Three Imaginary Girls

Seattle's Indie-Pop Press – Music Reviews, Film Reviews, and Big Fun

What a great surprise it was to discover that Justin Sullivan, from the marvelous English band New Model Army, and his wife, poet/novelist, Joolz, planned an impromptu show in San Francisco on an evening when I was scheduled to be in the city myself. This was sheer luck for me, and a wonderful shock to read the bulletin post on MySpace announcing this rare event, just a few weeks before the show. It turned out that Justin and Joolz spontaneously scheduled two intimate concerts while on holiday in California, probably through friends as a means to subsidize their transcontinental airfares. Regardless of the scenario, it made for an astonishing night that thoroughly blew me away.

As I sat amongst a fortunate handful of people with an enormous glass of Irish whiskey in hand, Joolz sauntered onto the stage to begin the performance. There were only about fifty people who fit into the minute venue bizarrely known as The Legion of Decency. She read about five prosaic compositions that were either short stories or poems, interspersed with anecdotes about the inspiration behind each piece. The last of which was entitled "Born Dead," about how at the age of 51, she learned that she had been born without a beating heart. Her material was beautifully delivered, convincingly strong and original. The poignancy and the cathartic nature of Joolz's writing was projected into the minds of the audience, who never become restless while waiting for Justin Sullivan to arrive onstage.

When he did appear, nonchalantly and without a shred of pretence, he picked up his acoustic guitar and went straight into "The Changing of the Light" from his stellar solo LP Navigating by the Stars. Justin Sullivan is one of those rare artists who has managed to retain his artistic integrity throughout a twenty-eight year career, which in itself is so utterly commendable as it is nearly impossible to find any of your favorite musicians who have not suffered from some form of creative slump during their career. His passion for his music, which is a fusion of folk, soul, rock and punk, is simply incredible. I would highly recommend anything by the band he originated, New Model Army, and his solo album is an underappreciated masterpiece as well.

From Navigating by the Stars, he performed a song called "Sentry," one of my favorites from the album. It sounds melodramatic, but this song is so moving to me personally that every time that I listen to it, my eyes nearly well up with tears. This music is that exceptional, and Sullivan's voice is so technically and emotionally compelling that it is almost beyond compare. Other fan favorites from his solo record that were performed were “Tales of the Road” and "Ocean Rising," the latter about his inexorable love for the open water and the remarkable power it possesses.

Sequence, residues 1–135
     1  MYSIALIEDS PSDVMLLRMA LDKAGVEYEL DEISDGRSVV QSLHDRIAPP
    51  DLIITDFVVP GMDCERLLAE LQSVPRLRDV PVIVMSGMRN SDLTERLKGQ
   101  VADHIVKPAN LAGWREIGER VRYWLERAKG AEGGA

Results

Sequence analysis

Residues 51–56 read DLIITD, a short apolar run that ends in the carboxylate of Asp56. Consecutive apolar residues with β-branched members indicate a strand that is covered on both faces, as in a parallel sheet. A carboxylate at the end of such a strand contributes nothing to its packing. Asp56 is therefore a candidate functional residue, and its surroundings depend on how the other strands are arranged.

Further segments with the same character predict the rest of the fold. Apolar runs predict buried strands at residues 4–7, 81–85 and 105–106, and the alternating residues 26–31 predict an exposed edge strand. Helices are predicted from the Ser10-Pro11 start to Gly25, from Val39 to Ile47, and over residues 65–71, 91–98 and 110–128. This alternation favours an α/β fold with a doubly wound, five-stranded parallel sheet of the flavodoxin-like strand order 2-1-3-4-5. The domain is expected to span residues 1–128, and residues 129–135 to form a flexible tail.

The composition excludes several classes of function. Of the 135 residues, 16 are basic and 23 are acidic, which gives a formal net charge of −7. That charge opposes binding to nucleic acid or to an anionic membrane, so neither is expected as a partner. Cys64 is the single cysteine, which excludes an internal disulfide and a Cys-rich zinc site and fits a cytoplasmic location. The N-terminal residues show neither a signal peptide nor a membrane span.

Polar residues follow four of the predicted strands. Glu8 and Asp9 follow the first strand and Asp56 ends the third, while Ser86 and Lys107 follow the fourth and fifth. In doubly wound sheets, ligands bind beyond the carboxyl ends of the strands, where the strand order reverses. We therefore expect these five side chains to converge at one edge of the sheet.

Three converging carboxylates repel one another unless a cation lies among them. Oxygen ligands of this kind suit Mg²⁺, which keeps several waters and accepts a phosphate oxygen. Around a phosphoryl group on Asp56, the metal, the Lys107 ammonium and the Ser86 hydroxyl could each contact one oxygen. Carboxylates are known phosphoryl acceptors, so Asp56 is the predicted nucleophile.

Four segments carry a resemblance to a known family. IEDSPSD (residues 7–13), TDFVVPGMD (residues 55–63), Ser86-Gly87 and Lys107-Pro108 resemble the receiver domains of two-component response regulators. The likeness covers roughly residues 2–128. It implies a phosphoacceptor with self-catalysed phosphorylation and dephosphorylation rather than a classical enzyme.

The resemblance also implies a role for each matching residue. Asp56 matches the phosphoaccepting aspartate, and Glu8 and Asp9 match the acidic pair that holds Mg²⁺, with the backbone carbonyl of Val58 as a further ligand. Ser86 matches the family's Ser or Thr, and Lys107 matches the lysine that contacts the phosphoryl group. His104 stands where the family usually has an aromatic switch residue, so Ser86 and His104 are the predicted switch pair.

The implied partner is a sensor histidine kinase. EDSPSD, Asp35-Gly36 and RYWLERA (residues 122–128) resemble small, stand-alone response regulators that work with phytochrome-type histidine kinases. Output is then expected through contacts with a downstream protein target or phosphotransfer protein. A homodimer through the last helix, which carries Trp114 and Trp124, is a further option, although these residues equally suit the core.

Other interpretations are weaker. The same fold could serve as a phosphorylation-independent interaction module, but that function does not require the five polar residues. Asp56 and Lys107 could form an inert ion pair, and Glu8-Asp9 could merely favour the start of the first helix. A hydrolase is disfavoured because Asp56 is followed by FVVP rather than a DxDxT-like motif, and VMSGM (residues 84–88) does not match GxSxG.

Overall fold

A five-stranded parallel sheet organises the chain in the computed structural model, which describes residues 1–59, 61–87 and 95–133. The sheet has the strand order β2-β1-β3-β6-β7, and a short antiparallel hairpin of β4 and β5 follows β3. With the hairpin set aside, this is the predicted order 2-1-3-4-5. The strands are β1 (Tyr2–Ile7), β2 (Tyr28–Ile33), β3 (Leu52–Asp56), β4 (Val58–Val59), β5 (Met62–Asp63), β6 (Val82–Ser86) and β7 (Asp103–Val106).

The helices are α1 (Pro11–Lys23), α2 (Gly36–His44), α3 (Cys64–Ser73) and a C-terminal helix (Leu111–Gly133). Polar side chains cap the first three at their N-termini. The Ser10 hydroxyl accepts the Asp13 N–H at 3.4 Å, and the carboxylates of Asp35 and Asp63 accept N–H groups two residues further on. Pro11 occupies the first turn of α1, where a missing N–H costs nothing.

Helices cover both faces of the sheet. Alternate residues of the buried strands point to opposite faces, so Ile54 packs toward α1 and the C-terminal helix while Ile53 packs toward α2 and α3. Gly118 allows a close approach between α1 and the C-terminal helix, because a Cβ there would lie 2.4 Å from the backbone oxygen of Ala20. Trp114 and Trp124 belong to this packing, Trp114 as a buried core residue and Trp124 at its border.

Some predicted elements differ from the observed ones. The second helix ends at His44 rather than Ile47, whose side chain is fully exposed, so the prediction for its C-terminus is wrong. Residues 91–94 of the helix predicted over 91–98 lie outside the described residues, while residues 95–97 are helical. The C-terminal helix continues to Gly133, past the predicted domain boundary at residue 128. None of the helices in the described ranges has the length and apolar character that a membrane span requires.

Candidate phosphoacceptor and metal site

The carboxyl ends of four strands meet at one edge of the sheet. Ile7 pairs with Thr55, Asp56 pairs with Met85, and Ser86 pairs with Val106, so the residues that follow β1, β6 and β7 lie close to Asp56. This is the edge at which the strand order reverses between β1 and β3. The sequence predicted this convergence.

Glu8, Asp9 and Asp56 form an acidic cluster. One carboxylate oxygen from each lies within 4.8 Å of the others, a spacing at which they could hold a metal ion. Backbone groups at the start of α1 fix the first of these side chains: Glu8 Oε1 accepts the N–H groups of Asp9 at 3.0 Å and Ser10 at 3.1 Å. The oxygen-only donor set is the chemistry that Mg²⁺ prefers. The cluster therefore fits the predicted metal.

The bulk of the rest of Sullivan's set was selected from New Model Army material. "Another Imperial Day," the political tour de force from their 2005 album Carnival, was performed as an almost scat-like a cappella. The only accompaniment was the driven pounding of Justin Sullivan's left foot for percussion. "No Pain" was also performed in the set. This song resembles a Neil Young acoustic number, circa Rust Never Sleeps, but is tempered by more emotional vitriol as Sullivan sardonically recounts the Biblical tale of Abraham and his son, Isaac. The set was closed with "Fate," from 1993's impeccable The Love of Hopeless Causes. In this song, Sullivan passionately sings such lines as, "I'm singing out to the Gods who couldn't care less / Come on and get me if you can." This poignant piece celebrates individual strength while challenging the narrow mindset of so many organized religions.

Without going on incessantly, I have to say that this was one of the best shows that I have ever witnessed. As a band, New Model Army is in a league of its own. If I had to describe them, I would say that they resemble a blend of The Clash, Killing Joke, Neil Young and at times, The Cure. However, there was something so unadulterated and stripped poverty bare about Justin Sullivan on his own, that it floored me beyond expectation. His unswaying honesty and disregard for public approval moves him to create music that is unfettered by commercial shackles, but is at once appealing in its raw soulfulness. In fact, it could (and should) break through mainstream independent radio at some point. Consider attending the upcoming New Model Army show at El Corazon in Seattle. The full band will be playing on Sunday, April 6th. I'll see you there…